New Year's Day Celebrations

New Year's Day Celebrations

The New Year celebrations begin with the end of Christmas celebrations. The festive spirit sets in towards mid December.

It is believed that the tradition of New Year celebration began in ancient Babylon almost 4000 years ago.  The Babylonians observed New Year on the day of the new moon after Vernal Equinox- understandable as the spring season signifies rebirth. January 1st was accepted as the New Year when the Romans, in 153 BC, set the trend. In the early centuries after His crucifixion, the Church refused to observe New Year celebration, declaring it as a heathen custom. But slowly during the Middle Ages, the tradition spread.

Early customs of celebrating the New Year by making resolutions is attributed to the Babylonians. The Greeks’ custom was to celebrate New Year with a baby which tradition was carried on by the Church, as the coming of Baby Jesus. Even now the New Year Day symbolises the circumcision of Baby Jesus, on the seventh day after His birth. It was believed that people could influence luck by doing good things in the first few minutes of the New Year. So the tradition was to spend the New Year with family, eating foods ring like in shape. In the USA, New Year celebrations are held with family and friends, eating rice, ham, cabbage and black eye peas- food items that are said to bring prosperity. The Rose Bowl football game is a part of New Year festivities in the USA.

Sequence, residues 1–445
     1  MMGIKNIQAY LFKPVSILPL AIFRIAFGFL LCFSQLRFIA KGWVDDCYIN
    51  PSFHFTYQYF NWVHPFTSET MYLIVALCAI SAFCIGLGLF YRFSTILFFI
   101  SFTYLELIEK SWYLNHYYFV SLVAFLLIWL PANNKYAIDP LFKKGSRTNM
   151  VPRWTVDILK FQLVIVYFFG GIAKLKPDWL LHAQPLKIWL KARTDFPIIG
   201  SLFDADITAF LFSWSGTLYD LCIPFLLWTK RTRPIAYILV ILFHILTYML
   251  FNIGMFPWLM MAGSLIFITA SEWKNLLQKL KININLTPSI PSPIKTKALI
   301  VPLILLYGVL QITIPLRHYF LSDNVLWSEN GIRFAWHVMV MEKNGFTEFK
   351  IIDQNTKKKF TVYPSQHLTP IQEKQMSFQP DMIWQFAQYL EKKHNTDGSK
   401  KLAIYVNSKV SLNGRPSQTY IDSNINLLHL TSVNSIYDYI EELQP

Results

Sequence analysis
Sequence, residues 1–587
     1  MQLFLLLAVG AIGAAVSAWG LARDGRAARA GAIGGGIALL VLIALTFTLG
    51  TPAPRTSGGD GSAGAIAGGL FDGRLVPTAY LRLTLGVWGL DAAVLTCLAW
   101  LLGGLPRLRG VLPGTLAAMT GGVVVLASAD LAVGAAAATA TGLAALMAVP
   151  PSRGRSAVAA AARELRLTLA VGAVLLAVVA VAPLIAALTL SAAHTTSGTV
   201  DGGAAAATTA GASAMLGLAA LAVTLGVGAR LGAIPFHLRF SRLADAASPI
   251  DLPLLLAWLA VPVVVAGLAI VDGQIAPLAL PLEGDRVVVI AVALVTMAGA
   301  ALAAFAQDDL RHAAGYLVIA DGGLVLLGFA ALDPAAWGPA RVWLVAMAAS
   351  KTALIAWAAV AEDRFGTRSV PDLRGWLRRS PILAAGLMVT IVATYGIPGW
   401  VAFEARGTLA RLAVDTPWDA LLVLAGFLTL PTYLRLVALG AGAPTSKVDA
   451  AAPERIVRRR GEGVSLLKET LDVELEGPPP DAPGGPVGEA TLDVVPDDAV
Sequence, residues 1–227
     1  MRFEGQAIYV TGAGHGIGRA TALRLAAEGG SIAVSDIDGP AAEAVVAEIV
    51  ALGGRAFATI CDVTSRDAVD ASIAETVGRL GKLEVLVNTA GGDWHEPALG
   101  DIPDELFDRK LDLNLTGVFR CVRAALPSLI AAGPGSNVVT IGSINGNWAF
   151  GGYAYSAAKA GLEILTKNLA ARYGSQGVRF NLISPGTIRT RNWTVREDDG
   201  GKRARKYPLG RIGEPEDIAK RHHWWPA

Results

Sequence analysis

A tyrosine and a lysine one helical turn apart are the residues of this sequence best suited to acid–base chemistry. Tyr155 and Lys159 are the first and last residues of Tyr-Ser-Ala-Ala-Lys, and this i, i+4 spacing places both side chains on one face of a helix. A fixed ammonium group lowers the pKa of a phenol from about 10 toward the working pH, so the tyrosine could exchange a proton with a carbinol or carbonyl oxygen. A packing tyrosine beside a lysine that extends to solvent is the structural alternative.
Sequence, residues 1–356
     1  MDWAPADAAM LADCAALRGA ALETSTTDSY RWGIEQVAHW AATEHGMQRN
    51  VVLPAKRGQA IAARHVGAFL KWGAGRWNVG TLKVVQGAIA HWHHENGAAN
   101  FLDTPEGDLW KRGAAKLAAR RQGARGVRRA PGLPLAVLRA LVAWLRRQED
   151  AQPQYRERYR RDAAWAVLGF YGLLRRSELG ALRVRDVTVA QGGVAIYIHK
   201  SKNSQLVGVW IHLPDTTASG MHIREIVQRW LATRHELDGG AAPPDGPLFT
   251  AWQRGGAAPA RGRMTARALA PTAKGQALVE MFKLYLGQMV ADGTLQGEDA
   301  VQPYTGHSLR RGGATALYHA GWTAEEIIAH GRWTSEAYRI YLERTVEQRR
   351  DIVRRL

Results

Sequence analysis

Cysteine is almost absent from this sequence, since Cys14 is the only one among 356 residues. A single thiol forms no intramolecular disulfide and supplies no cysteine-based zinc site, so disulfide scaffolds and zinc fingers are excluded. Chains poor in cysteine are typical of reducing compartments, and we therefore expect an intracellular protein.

In India, people welcome the January 1st with family and friends partying, eating sweetmeats and visiting religious places to offer worship, hoping for peace and prosperity. The New Year or the Nav Varsh or Naya Saal falls in March, April or May according to the lunar calendar in different parts of India.

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